Salina, Kansas: Sa-Lie-Na was a lovely city in the middle of the country – literally. We spent the day at the Kenwood Cove waterpark complex which was a really fun break from the sight-seeing and perfect for a 95 degree day. We did see some shocking tornado damage on our way to Salina, which according to our KOA staff happened about a month ago. We made sure to watch The Wizard of Oz while we were there. LCoD: Braum’s Ice Cream Banana Splits
Week 2: This week there was no way to go but up – literally! We started in Kansas at 1227′ above sea level. Twenty-four hours later we were overlooking the Rocky Mountains at an elevation of 8920′ – and over the next few days we topped that several times. We spent the week getting a real taste of the west and embracing the independent spirit that kept us moving across the country.
My Week 2 major take-away? The landscape of this amazing country is so diverse and stunningly beautiful. Here are the highlights!
Strasburg, Colorado: Our stopover on our way into Denver. (Which didn’t happen, more on that next). It was HOT! So our early afternoon arrival gave us time for a dip in the pool, a quick dinner and family game-night. We wanted to make sure that Big Bob (that’s the name of our motorhome) was running well before we went to Yellowstone so it was an early night for all, since we had a 7am service appointment in Golden, CO.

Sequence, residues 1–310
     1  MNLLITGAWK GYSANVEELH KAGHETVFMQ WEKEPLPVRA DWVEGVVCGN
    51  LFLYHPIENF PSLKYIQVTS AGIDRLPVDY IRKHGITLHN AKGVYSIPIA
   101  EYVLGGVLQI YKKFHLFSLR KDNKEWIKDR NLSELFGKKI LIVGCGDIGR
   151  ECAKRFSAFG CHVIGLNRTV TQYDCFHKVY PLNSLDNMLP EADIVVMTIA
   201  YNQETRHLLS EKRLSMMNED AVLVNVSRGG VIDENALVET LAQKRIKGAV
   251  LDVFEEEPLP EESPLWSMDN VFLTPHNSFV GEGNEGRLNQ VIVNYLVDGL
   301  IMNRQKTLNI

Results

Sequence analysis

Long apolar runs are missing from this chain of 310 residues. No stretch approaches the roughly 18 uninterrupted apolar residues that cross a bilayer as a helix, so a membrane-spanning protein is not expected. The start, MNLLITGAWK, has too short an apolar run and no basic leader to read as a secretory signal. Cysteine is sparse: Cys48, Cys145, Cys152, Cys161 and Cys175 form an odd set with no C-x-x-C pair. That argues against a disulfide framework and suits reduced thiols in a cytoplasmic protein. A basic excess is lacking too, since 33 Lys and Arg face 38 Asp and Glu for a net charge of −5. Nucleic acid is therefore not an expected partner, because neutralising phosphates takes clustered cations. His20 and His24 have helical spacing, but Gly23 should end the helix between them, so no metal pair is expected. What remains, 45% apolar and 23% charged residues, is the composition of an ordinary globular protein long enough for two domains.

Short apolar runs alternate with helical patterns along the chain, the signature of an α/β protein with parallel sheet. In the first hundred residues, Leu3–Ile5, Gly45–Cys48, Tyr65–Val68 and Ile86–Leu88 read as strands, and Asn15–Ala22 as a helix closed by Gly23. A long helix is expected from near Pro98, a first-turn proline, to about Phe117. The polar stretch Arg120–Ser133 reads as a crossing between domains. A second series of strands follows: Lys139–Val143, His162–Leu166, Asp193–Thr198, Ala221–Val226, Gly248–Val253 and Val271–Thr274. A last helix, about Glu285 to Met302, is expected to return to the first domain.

Golden, Colorado: Our plan was to visit my cousin & his family in Denver, but Big Bob had different plans. Sadly, we had to switch it up and spend the day in Golden after an extended morning in the service center. The girls discovered what Chuck Woolery is up to – as they enjoyed LINGO on the Game Show Network while we waited. Late lunch in Golden, a delightful walk through the town, we dipped our toes in Clear Creek (so cold), and enjoyed ice cream. We planned to stay outside Golden in Central City – when I made the reservation it sounded like an ideal location in the Rockies. Had I known how harrowing the drive UP would be, there is NO WAY I would have chosen this KOA. That said, we were so glad we did. The views were spectacular! Enjoyed an afternoon hike, campfire and star watching. LCoD: Woody’s Pizza & Boulder Ice Cream Company.
Cheyenne, Wyoming: Visited the Wyoming State Museum which was free and fantastic! We learned all about Wyoming and its people. Then we made our way to Terry Bison Ranch where we went on a 1 hour horseback trail ride across the Wyoming countryside. Some of us loved it and some of us may never go near a horse again. Dinner at the ranch restaurant, Senator’s Steakhouse was the LCoD: Bison burgers